attacked with guns and sharp weapons. Since that time, the militias set up
checkpoints in the Bobonaro district, especially in Memo and Batugade, to
inspect refugees fleeing to West Timor. Several witnesses said that a
number of refugees had disappeared after being stopped at these
On September 8, people seeking refuge in the Maliana police station
were killed by the Dadurus Merah Putih militia with the direct support of
members of the TNI and POLRI. At least 3 people died.
Massacre in the Suai Church complex
On September 4, the Laksaur militia and members of the TNI in Debos
Hamlet caused the death of a high school student. Consequently, villagers
fled for refuge in the Nossa Senhora de Fatima Church and the Ave Maria
Suai Church, where many refugees had been staying for a while. On the
evening of September, residences and government buildings in Suai were
burned down by the Laksaur militia and members of the TNI. Commencing
September 6, villagers were forced from their homes. The Suai subdistrict
military commander, 1st Lieutenant Sugito took part in the burning and
On September 6 at around 14.30, the Laksuar Merah Putih and Mahidi
militias and members of the TNI and POLRI attacked refugees staying in the
Suai Church complex. The attack was directly led by the Regent of
Covalima, Herman Sediono and the Suai subdistrict military commander, 1st
Lieutenant Sugito. Before this, the militias threatened to kill all of the
priests and both male and female refugees. At the time there were
approximately 100 refugees staying in the church complex and an unknown
number of refugees outside the complex. Father Hilario was shot once in
the chest and Igidio Manek a Laksuar militia member stepped on the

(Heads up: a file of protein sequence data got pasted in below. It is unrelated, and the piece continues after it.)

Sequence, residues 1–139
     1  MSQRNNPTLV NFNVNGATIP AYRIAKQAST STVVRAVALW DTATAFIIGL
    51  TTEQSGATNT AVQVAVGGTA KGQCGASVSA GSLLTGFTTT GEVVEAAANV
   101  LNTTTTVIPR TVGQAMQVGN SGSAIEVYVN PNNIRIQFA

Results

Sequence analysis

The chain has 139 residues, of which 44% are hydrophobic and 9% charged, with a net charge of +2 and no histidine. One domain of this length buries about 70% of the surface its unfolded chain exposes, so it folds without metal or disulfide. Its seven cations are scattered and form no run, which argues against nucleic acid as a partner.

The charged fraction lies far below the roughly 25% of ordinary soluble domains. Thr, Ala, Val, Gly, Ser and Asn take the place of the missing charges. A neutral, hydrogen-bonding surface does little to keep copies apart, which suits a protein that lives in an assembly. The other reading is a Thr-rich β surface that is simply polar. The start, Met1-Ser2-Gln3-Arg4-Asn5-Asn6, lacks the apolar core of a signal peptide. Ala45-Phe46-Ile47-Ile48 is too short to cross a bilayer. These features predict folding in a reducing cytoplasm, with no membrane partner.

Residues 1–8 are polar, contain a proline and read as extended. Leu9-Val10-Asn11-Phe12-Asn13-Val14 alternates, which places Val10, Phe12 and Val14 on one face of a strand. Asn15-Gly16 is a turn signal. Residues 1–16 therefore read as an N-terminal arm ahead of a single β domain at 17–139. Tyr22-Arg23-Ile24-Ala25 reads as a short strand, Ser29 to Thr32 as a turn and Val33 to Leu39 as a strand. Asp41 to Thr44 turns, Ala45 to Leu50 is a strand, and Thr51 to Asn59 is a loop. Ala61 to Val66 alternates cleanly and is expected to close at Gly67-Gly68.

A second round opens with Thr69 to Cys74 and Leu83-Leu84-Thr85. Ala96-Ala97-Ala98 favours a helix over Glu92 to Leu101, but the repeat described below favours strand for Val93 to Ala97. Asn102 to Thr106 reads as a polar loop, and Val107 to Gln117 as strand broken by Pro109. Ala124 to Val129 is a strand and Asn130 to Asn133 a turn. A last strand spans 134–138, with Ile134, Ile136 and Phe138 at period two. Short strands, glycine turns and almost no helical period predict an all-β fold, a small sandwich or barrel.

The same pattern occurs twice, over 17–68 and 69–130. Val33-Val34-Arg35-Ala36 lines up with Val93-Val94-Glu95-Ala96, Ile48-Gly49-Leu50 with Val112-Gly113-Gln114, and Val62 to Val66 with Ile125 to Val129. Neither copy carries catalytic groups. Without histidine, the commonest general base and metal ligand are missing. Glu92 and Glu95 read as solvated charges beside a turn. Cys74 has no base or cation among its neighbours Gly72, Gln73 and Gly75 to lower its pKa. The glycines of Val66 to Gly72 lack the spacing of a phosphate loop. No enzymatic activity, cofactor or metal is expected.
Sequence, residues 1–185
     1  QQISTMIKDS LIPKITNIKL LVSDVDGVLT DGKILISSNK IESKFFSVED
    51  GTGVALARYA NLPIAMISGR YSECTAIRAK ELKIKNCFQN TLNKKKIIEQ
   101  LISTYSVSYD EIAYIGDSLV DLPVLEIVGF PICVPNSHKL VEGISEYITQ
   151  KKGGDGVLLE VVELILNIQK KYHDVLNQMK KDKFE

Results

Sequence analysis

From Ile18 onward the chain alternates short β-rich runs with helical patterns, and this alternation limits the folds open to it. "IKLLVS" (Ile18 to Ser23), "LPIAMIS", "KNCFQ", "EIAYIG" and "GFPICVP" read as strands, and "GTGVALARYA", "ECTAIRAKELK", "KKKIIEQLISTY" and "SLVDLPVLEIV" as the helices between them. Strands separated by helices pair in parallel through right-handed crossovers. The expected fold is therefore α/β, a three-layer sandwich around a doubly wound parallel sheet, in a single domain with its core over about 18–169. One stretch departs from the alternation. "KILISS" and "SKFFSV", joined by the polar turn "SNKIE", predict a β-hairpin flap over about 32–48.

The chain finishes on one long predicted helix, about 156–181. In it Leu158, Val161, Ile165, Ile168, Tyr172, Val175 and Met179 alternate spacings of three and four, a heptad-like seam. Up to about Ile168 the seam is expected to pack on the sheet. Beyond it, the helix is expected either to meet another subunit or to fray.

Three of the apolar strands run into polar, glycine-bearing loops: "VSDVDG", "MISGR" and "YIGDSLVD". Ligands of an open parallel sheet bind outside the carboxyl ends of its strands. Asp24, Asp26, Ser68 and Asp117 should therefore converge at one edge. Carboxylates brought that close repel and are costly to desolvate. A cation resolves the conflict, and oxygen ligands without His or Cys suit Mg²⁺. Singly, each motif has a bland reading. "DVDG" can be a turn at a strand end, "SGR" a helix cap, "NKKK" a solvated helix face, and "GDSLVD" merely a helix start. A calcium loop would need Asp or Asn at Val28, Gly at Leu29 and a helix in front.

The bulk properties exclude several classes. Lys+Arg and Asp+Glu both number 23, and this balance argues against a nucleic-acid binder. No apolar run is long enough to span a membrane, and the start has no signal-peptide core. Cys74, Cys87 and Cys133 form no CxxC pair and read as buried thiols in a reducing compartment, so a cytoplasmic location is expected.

priest's body. Father Fransisco was stabbed and sliced by Americo, also a
member of the Laksuar militia. Another witnessed, Domingos dos Santos, saw
Father Dewanto killed in the old church. At the time of the attack, the
Police, the Loro Sae Mobile Brigade Contingent and members of the TNI were
outside of the fence shooting refugees who tried to flee outside the
church complex. It is thought that at least 50 people were murdered in
Twenty-six of the corpses were hauled by a truck and two cars and were
buried in Alas Village, Wemasa District, Belu Regency. The burying of the
corpses was directed by Suai subdistrict military commander, 1st
Lieutenant Sugito along with three members of the TNI and a contingent of
Laksaur militia. The corpses were transported from Suai at around 08.30 by
1st Lieutenant Sugito and his cohorts, after passing by the Metamauk
Police Post in the Wemasa, West Timor area. The exhumation of the mass
grave of the Suai Church victims found there to be 16 males, 8 females and
2 corpses whose gender could not be determined, ranging in age from 5 to
around 40 years of age.
Murder of a Dutch journalist
A Dutch journalist, Sander Thoenes was killed on September 21. His body
was found by locals in Becora, East Dili the next day, September 22. It is
thought that Sander Thoenes left the Tourismo Hotel, Dili between 16.30
and 17.45 on a motorcycle driven by Florinda da Conceicao Araujo heading
for Becora, Dili. The two men had gone only 300 meters when they were
stopped by unknown persons travelling on three motorcycles, a truck and a
car. The unknown attackers wore TNI uniforms and carried automatic
weapons. The unknown persons shot at Sander Thoenes and Florinda da
Conceicao Araujo, but Araujo was able to escape. At the time, Battalion
745 was crossing through the area.
Killing of religious figures in Los Palos
On September 25, a group of religious figures was attacked while on the
road to Baucau. The attack was carried out by Tim Alfa militia, led by
Joni Marques Nine people were killed, including the Indonesian journalist,
Agus Mulyawan. This incident is believed to have been on the order of a
Kopassus unit working with a Tribuana unit. The bodies were thrown into
the Raumoko River and the vehicle the group was travelling in was burned
Violence against women
At the end of September, at the refugee camp in the village of
Raehanek, Belu, West Timor, women and children of suspected
pro-independence families forced out of a car near the village
administration office. They were separated from the other refugees as they